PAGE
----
sort of technique is most useful when a character is observing a complicated scenario --
an airport concourse, a crammed bookshelf, a busy restaurant where a number of
objects or people are involved, and where it is useful to convey both a sense of
particularity and an overall impression of things. But always when you see a writer
deploying the terms:

an air of
an atmosphere of
a sense of
an impression of

I see pall people.

and other similar shortcuts, you ought to feel the hair rising on the back of your neck,
because Dr. Frankenstein is warming up his generator. And things are about to get

The P:V Ratio

If a metaphysical understanding is to be in some fashion arrived at through the medium

of the world, then we may note that different authors derive this metaphysical
understanding differently. Some writers prefer to assemble more world on the table
before applying the electricity that represents a greater understanding.
We may therefore find it suitable to change our underlying metaphor, leaving
behind all these dripping body parts our assistant has so obligingly harvested, and
propose instead a more congenial potatoes-to-vodka ratio, where some writers prefer to
assemble more potatoes (or "world") and others fewer, to arrive at a given amount of
distilled spirit (or "understanding").
In this new potatoes-to-vodka model, the potatoes, of course, are the physical
matter of a story shoes, ceilings, arguments, sentences, eyebrows, wind, cat hair, Coca-
Cola, and jumpropes 14 , while vodka is the metaphysical understanding derived from
these physical things. We may call this a writer's p:v ratio, representing the efficiency
with which a writer typically makes use of the world.
In the following selections, potatoes are in bold and spirit is in italics.
Alice Munro will as always provide a useful, and in this case usefully typical,
example. In "Hateship Friendship Courtship Loveship Marriage", a middle-aged,
unattractive woman shops for a fancy dress, thinking (at this point falsely) that she is
going to be married in it. She enters the shop:

Along one wall was a rack of evening dresses, all fit for belles of the ball with
their net and taffeta, their dreamy colors. And beyond them, in a glass case so

14 Nouns are especially weighty. Descriptions are usually made of nouns and adjectives. But actions and lines

of dialog mus also be recognized as potato-esque in their effects, too, and a very good description will usually
contain some element of action. Notice where your attention tends to catch and where it tends to slide in this
description of Gabriel, from "The Dead":

He was a stout tallish young man. The high colour of his cheeks pushed upwards even to his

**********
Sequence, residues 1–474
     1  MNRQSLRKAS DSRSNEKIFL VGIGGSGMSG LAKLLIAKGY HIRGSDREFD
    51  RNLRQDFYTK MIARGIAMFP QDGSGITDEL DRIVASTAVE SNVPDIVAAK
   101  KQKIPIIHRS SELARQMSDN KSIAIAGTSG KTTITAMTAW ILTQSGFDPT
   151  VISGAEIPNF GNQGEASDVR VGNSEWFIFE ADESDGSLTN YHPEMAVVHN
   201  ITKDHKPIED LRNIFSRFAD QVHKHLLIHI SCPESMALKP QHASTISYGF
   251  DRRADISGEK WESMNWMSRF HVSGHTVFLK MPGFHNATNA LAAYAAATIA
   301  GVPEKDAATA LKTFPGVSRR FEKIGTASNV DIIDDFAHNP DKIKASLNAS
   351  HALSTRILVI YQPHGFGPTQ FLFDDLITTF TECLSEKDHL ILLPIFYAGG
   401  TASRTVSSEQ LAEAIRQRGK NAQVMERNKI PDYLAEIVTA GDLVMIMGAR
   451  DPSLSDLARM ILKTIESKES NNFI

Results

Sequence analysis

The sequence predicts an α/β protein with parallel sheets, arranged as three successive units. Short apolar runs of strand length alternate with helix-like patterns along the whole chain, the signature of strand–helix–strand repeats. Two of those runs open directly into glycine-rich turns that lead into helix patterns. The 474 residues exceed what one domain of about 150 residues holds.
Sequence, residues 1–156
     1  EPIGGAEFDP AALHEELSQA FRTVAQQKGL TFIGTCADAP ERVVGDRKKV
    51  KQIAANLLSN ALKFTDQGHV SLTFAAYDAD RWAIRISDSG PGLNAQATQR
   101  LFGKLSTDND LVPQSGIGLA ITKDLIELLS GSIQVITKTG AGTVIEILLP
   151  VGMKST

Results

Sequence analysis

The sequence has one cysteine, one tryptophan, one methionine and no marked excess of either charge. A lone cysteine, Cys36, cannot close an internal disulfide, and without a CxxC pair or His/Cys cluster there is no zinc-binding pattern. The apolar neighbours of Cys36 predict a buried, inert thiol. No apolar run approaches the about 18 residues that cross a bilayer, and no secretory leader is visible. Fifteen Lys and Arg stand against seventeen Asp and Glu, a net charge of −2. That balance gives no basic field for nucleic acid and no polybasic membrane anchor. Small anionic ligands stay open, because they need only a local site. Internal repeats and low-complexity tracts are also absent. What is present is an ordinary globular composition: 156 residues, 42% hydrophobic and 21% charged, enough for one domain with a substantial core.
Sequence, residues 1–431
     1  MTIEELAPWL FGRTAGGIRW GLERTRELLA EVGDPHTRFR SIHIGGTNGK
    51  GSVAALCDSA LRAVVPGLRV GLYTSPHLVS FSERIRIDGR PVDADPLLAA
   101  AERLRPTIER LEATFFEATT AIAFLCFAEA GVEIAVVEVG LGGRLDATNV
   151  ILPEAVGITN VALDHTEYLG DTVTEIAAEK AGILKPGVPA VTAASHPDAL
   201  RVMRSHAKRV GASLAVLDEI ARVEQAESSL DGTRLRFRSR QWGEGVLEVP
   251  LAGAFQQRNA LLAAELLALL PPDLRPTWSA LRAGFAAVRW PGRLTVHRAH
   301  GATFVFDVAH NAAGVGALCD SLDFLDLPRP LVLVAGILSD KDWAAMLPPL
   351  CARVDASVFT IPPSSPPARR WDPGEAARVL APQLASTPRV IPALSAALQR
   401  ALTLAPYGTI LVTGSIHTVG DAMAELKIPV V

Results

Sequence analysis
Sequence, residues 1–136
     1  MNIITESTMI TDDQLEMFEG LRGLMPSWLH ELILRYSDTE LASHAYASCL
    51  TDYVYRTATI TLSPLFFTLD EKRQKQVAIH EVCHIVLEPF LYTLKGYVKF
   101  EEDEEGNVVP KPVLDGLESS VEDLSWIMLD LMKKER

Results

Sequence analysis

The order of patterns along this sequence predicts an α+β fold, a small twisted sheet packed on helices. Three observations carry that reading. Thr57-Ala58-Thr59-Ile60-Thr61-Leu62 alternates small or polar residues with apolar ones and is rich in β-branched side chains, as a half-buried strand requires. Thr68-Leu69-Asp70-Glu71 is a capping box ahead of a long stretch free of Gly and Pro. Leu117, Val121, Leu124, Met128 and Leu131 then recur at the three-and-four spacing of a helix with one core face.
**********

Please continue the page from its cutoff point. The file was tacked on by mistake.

forehead where it scattered itself in a few formless patches of pale red; and on his hairless face
there scintillated restlessly the polished lenses and the bright gilt rims of the glasses which screened
his delicate and restless eyes. His glossy black hair was parted in the middle and brushed in a long
curve behind his ears where it curled slightly beneath the groove left by his hat.
When he had flicked lustre into his shoes he stood up and pulled his waistcoat down more
tightly on his plump body. Then he took a coin rapidly from his pocket.

Observe Joyce's well-intentioned attempts to 'actionize' the description: "pushed upwards", "scattered itself",
"scintillated restlessly", "screened". But these are tricks, and not very successful. The mind's eye is most
engaged when Gabriel is actually doing something "he pulled his waistcoat down more tightly on his plump
body". And it is least engaged where he is simply being something "He was a stout tallish young man." We
see what is done more easily than we see what simply is. In this our eye is amphibian, registering change,
becoming blind to stasis.

no profane fingers could get at them, half a dozen wedding gowns, pure white
froth or vanilla satin or ivory lace, embroidered in silver beads or seed pearls.
Tiny bodies, scalloped necklines, lavish skirts. Even when she was younger she
could never have contemplated such extravagance, not just in the matter of money but in
expectations, in the preposterous hope of transformation, and bliss.

Here the metaphysical understanding has plainly been reached by means of the physical
observation. The potatoes of the shop provide a sort of ballast to the abstracted thought,
but also provide the means by which to arrive at it. A reasonable amount of world (the
rack, the net and taffeta, et cetera) produces in a character a reasonable amount of mind-
Munro is unique in her ability but not in her technique; most writers' habits in
this regard at least superficially resemble Munro's, deploying a moderate amount of stuff
to arrive at a moderate amount of spirit. And perhaps it is this moderation that allows us
to qualify a writer as "realistic" most of us seem to experience the world at something
like this measured pace, after all, as we move through our days both beset by sensory
input and at the same time subject to the addled and improvisatory workings of our own
brains. 15 In a similar vein, John Updike observes before he transcends, in "The Afterlife":

A broad-faced strawberry blonde, she had always worn sweaters and plaid
pleated skirts and low-heeled shoes for her birding walks, and here this same
outfit seemed a shade more chic and less aggressively "sensible" than it had at home.
Her pleasant plain looks, rather lost in the old crowd of heavily groomed
suburban wives, had bloomed in this climate; her manner, as she showed them